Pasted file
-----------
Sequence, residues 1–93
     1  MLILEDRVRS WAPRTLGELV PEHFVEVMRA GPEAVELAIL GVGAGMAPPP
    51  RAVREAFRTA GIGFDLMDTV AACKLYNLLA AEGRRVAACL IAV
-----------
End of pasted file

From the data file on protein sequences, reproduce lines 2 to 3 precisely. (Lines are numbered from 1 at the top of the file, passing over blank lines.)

     1  MLILEDRVRS WAPRTLGELV PEHFVEVMRA GPEAVELAIL GVGAGMAPPP
    51  RAVREAFRTA GIGFDLMDTV AACKLYNLLA AEGRRVAACL IAV